Prep pulse: June 11, 2018

Prep pulse: June 11, 2018

Think about the typical high school swimming and diving meet.

An athlete might compete in anywhere from one event to four. Usually, the workload doesn't get any heavier than that.

Ema Rajic is no longer a student at Uni High, though. Having graduated on May 19 before she swims collegiately at the University of California at Berkeley, the four-time News-Gazette Swimmer of the Year opened herself up to more strenuous undertakings in the pool.

Enter the 55th annual Mel Zajac Jr. International Swim Meet, which was contested June 1-3 in Vancouver, British Columbia, Canada.

In Rajic's first event in international waters, she raced in an exhausting nine competitions over just one weekend. And each one featured some of the best young talent the sport has to offer.

"It was just so awesome," Rajic said less than a week removed from the venture. "The support staff was so funny and great. I don't think anyone really swam that well, but no one really cared because we had so much fun."

Admittedly, Rajic said she was fairly tired throughout the meet. In the week and a half prior, she'd been going through intense workouts with a club team in Austin, Texas, where her family recently moved.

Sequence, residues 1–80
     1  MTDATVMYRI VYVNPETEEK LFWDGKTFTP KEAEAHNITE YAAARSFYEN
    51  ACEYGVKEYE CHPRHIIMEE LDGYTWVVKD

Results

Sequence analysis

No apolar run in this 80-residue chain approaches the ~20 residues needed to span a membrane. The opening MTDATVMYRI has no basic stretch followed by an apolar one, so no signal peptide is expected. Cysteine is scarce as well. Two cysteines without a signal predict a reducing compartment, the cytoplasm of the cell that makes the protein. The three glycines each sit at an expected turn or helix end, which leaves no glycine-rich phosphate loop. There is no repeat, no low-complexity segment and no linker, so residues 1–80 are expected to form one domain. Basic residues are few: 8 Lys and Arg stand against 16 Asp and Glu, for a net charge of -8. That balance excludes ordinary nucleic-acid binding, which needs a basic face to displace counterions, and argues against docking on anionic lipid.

"I knew I wouldn't be swimming well (at the meet), but I knew I had the capacity to swim that many events," Rajic said. "My ability to get through that many ... I was kind of in shock."

Rajic's best results came in relays, as she took a leg in first-place units in the 400- and 800-meter freestyle.

"I'm really happy with what I did in the 800 free relay," Rajic said. "I had three preliminary swims, three finals and then the 800 relay final. I ended up running a best time in the relay, and it was really, really hard."

But she was no pushover in solo races, despite feeling a little slower than usual. She fared no worse than 16th in any of her seven individual events, placing as high as third in the 50 breaststroke.

Rajic won't report to Cal until mid-August, but she's already looking toward a national meet beforehand that will serve as a qualifying stage for even bigger showcases.

"I have a lot of work to do, in the pool and on land," she said.